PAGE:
Legislative Supermajorities: Repairing polarization and creating long-term stability

Updated: Oct 23, 2020


Credit: The Economist


Liberal, democratic countries such as our own are facing fierce competition from authoritarian regimes that are proposing an alternative, closed and controlled, system to our open societies. Two major obstacles to our success in this competition are amplified political polarization and inhibited long-term planning. Our current political system incentives these cannibalistic properties.

Political Polarization

Partisanship is a feature of democracies. It is important to debate, have opposing opinions, and ensure a diverse set of beliefs are being upheld to represent all citizens. Yet political polarization is when partisanship feeds off its success. The political system rewards parties when they become for extreme partisanship not moderate.

For Our Future sees many reasons for this. One includes our first-past-the-post system, which proportional representation could abate. This is not the focus of this article though. Instead, it is a process seemingly normal and routine – simple majority legislation.

This process only incentives cooperation until votes reach 50% + 1. In our current system, half of the parliamentary terms are majorities so half the time there is no requirement of cooperation, only partisanship. We should not limit ourselves to rudimentary thinking about democracy. Instead, new mechanisms could incentive greater cooperation beyond the simple majority.

Inhibited Long-term Planning

Elections cycles are another feature of democracies. We all agree that we need regular elections, but what does “regular” mean and how can we adjust our system to improve long-term planning?

Long-term planning is an advantage of authoritarian regimes, they can afford to plan long into the future because they do not expect to be removed from office. Yet increasingly, democracies are experiencing a back and forth, where one party institutes a policy for the future (ie. the carbon tax) and the other party repeals it.

If we could add a new mechanism, that can better protect policies against repeal by new governments that could significantly improve the likelihood that democracies could prepare for future threats and risks. Such a tool should be adding another legislative mechanism other than simple majority legislations – supermajority legislation.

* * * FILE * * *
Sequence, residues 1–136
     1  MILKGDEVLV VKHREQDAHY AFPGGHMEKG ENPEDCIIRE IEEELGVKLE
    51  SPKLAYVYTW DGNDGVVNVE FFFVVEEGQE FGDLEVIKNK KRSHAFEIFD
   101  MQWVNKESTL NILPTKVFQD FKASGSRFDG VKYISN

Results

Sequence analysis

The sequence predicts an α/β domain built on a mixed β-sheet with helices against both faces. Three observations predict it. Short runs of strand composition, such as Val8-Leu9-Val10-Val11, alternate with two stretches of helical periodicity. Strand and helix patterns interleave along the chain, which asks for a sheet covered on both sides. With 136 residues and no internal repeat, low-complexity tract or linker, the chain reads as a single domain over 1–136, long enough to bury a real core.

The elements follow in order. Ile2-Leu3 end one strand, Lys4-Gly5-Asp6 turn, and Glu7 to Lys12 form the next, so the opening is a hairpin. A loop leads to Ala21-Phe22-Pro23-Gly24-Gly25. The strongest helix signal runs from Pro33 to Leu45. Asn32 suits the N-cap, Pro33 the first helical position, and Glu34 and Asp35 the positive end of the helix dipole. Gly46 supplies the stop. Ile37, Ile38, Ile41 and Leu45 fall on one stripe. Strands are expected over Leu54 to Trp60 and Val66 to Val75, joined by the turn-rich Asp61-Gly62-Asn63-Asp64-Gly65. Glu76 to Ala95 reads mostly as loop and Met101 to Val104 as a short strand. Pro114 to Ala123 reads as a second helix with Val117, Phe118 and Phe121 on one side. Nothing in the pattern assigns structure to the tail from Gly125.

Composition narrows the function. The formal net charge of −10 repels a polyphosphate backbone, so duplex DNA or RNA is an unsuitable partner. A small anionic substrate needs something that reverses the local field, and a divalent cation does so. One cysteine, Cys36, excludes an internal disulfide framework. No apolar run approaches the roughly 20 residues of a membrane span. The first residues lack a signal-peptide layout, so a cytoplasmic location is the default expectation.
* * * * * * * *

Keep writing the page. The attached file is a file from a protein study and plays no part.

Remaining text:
Implementing Supermajority Legislation

To achieve the virtues of greater parliamentary cooperation and long-term planning supermajority legislation (that requiring a two-thirds majority) would incentive cooperation even during majority governments and it would be a mechanism to strengthen legislation against future governments from easily repealing it.

Supermajority legislation once passed can only be undone with another supermajority. Whether a government is a minority or a majority, there will also be an incentive to work with more parties. As a political party, guaranteeing longevity in your legislation to your electorate should build greater political capital whether you are the governing party or a supporting party. This incentive to work together will also ensure longer lasting legislation. The supermajority legislation is inherently harder to achieve and is thus inherently harder to rescind. When a supermajority is achieved, it will be on legislation that has broad public support and should in turn be protected for a long time. Only when it loses broad public support should it be undone.  

For example, the carbon tax is a threat of being repealed by a future Conservative government, yet it maintains broad public support. In the 2015 election the combined popular vote of the Liberals, NDP, and Greens was 62%, their combined seat total was 229 or 67% of the votes (incl. the Bloc Quebecois this increase to 66% and 70%, respectively). If the supermajority legislation was a mechanism, these parties would likely have supported the bill, protecting from a potential future Conservative government from repealing it on their own.

Into the Future

This is only one example, but it displays the power that such a tool could provide. It would significantly improve cooperation and increase the long-term stability of critical legislation. Internationally, this is a mechanism all democracies should adopt. It is a feature that would help us overcome some of the challenges that democracies are facing and repudiate the idea that alternative systems are stronger than ours.


It would need to be passed through constitutional reforms, but such a feat should never be a deterrent. Our founding documents are meant to be reformed when ideas prove to be pragmatic and have broad public support. For Our Future is ready to see this through.